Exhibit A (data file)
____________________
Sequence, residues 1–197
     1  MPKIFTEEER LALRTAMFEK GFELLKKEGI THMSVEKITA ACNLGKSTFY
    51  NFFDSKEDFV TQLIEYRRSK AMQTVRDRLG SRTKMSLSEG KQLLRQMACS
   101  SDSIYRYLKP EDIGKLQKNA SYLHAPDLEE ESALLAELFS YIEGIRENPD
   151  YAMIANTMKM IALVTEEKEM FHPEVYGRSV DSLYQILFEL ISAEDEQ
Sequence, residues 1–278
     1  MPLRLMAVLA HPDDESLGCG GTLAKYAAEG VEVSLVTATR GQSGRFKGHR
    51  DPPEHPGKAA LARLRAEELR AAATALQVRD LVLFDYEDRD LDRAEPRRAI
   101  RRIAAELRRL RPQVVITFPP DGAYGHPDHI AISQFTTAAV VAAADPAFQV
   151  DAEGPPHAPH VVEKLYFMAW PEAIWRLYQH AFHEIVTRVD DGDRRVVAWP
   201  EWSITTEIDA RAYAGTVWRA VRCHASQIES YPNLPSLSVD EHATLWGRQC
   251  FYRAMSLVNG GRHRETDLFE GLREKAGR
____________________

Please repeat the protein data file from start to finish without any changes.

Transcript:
Sequence, residues 1–197
     1  MPKIFTEEER LALRTAMFEK GFELLKKEGI THMSVEKITA ACNLGKSTFY
    51  NFFDSKEDFV TQLIEYRRSK AMQTVRDRLG SRTKMSLSEG KQLLRQMACS
   101  SDSIYRYLKP EDIGKLQKNA SYLHAPDLEE ESALLAELFS YIEGIRENPD
   151  YAMIANTMKM IALVTEEKEM FHPEVYGRSV DSLYQILFEL ISAEDEQ
Sequence, residues 1–278
     1  MPLRLMAVLA HPDDESLGCG GTLAKYAAEG VEVSLVTATR GQSGRFKGHR
    51  DPPEHPGKAA LARLRAEELR AAATALQVRD LVLFDYEDRD LDRAEPRRAI
   101  RRIAAELRRL RPQVVITFPP DGAYGHPDHI AISQFTTAAV VAAADPAFQV
   151  DAEGPPHAPH VVEKLYFMAW PEAIWRLYQH AFHEIVTRVD DGDRRVVAWP
   201  EWSITTEIDA RAYAGTVWRA VRCHASQIES YPNLPSLSVD EHATLWGRQC
   251  FYRAMSLVNG GRHRETDLFE GLREKAGR